How Music Can Benefit Your Child’s Brain

Children love singing, clapping their hands, and dancing to music, and it would be wise for parents to encourage this behavior. Why? Kids can benefit greatly from listening to, engaging with, and learning how to play music. Here are some of the ways that music can benefit a child:

Improves memory.

Are you tired of your kids scrambling around to find a notebook or jacket as they get ready for school? Help your child improve his memory by exposing him to music on a regular basis. Research has shown that listening to music stimulates the brain and improves the child’s ability to retain information and learn. This could help them perform better in school, so turn up the tunes while you chauffeur your children around!

Strengthens verbal and communication skills.

A number of studies have shown that music can improve a child’s verbal and communication skills. One study introduced children between the ages of 4 and 6 to a month of rhythm, pitch, and melody training. At the end of the month, the children’s ability to understand words and their meanings had improved.

Another study looked at one-year-old children who attended music lessons with their parents. The researchers found that these children were able to communicate more clearly and expressed more emotion than children who were not exposed to music. These studies clearly show that music can benefit children of all ages.

Stimulates early development.

Music is so powerful that it can even benefit babies while they are still in the womb! Studies have found that exposing unborn babies to classical music can have an effect on their physical and mental development after birth.

One particular study found that babies who listened to 70 hours of classical music during the last few weeks of pregnancy had better motor and linguistic skills at six months old than babies that were not exposed to music. If you’re expecting a child, turn on light classical music towards the end of your pregnancy to help your child’s development.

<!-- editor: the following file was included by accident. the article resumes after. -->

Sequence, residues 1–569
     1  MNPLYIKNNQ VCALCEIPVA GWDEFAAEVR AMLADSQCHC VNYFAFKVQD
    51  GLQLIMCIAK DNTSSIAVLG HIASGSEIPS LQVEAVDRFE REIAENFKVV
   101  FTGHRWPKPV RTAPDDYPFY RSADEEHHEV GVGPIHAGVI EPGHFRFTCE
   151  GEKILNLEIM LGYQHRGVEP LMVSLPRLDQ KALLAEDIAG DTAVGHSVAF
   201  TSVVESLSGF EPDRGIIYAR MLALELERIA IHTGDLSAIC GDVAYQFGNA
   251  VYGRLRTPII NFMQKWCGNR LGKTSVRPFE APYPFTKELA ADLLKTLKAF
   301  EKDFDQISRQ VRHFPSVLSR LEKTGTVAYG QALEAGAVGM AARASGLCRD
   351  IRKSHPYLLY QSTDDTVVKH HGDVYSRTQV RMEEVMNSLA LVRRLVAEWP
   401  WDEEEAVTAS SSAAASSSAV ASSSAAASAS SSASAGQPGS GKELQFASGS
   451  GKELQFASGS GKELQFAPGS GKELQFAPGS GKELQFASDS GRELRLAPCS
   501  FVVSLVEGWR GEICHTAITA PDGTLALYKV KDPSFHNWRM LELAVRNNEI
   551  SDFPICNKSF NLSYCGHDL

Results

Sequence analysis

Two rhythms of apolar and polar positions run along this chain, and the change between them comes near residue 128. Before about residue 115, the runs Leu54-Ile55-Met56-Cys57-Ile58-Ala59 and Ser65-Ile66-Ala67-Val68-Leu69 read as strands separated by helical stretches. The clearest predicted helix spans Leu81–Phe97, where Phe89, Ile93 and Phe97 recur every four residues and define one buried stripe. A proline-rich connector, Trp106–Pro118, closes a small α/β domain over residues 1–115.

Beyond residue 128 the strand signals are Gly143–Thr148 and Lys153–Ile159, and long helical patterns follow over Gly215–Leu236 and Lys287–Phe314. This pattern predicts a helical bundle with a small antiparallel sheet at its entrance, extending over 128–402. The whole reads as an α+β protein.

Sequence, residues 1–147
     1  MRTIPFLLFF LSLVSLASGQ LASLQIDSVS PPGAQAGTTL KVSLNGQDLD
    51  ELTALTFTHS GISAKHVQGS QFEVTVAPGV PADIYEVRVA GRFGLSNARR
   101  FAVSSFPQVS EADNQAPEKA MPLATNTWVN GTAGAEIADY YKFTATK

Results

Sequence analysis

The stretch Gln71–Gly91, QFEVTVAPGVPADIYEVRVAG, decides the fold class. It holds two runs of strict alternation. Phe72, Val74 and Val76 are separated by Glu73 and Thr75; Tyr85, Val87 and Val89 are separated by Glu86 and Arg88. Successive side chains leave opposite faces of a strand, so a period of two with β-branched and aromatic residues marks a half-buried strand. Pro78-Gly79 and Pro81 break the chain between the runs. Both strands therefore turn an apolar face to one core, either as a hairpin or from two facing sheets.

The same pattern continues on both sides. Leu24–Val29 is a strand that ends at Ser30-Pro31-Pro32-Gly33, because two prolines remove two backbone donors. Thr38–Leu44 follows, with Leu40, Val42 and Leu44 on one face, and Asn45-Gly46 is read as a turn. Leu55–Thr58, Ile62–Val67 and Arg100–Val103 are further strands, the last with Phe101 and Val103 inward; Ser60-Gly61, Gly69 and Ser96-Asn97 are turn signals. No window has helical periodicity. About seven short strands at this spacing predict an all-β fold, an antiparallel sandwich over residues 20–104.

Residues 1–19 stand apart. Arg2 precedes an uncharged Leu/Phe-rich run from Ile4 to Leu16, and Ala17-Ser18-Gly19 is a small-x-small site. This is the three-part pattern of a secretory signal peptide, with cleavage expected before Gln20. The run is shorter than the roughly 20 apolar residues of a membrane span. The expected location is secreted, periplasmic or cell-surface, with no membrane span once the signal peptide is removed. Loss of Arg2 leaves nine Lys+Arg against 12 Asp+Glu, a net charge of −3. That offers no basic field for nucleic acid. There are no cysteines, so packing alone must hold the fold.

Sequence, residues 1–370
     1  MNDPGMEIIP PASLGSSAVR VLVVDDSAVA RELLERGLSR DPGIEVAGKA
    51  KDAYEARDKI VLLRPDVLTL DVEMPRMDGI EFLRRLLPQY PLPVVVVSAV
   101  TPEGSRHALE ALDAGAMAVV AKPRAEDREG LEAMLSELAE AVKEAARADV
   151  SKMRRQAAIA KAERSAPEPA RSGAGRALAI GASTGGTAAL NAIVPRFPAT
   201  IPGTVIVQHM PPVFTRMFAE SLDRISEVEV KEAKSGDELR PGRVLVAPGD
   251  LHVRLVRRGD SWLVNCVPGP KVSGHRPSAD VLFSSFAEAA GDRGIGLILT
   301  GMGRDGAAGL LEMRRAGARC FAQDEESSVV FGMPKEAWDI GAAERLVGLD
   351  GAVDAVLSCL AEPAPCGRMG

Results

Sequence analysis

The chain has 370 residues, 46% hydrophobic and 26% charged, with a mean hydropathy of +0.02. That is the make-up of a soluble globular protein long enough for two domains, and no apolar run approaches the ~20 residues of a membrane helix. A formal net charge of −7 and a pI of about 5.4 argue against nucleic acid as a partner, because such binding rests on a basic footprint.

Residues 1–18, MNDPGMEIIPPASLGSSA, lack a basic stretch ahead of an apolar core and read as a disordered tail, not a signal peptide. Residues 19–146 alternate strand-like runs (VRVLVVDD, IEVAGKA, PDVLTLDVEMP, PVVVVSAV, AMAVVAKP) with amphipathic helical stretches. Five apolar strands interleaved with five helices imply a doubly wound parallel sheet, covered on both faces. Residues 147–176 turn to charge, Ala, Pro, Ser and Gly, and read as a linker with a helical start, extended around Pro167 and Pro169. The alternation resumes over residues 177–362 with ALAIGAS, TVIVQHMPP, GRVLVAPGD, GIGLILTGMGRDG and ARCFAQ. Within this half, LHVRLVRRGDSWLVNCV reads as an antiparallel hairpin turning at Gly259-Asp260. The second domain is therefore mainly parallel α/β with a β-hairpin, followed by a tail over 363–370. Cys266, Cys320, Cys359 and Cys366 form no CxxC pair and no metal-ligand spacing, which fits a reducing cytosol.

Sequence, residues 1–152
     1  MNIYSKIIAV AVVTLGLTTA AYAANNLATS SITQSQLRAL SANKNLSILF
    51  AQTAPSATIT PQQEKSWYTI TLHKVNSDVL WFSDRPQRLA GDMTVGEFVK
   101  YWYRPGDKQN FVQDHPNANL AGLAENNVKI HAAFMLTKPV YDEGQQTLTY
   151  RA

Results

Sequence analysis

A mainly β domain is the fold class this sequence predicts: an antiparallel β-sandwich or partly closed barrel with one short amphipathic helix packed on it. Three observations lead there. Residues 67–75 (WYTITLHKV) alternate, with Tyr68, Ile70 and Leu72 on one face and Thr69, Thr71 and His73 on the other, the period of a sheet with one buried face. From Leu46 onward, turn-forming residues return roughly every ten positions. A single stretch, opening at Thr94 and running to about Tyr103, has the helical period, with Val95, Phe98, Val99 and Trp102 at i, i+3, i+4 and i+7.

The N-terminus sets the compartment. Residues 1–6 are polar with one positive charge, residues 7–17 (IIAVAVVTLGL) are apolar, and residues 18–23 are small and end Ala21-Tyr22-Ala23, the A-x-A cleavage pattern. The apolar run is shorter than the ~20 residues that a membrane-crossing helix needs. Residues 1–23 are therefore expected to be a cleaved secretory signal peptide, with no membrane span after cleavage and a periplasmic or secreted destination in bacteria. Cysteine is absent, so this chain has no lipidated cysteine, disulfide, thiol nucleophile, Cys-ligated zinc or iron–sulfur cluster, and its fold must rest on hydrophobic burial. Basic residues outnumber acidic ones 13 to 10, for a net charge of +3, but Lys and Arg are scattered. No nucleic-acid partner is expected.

Enhances their emotional intelligence.

Music can evoke strong emotional reactions in anyone—even children. Research has shown that when children listen to music, they are able to detect different moods and emotions in the lyrics and melodies. This helps them pick up on other people’s moods and emotions more easily. Music also allow them to develop a greater awareness of their own feelings. As a result, children may become more compassionate and empathetic towards others after being exposed to music at a young age.

Playing instruments can be beneficial, too.

Listening to music isn’t the only way that children can benefit from it—playing instruments helps their development, too. In fact, one study found that children who were involved in music lessons had a better understanding of tough mathematical concepts than other children.

Kids in music lessons also demonstrated more creativity than other children their age. If you child shows an interest in music, encourage him to learn how to play an instrument so he can enjoy these benefits.

Now that you know how music benefits your child, it’s time to crank up the volume! As long as the music is age appropriate, meaning it doesn’t contain any inappropriate lyrics, it will positively benefit your child’s development.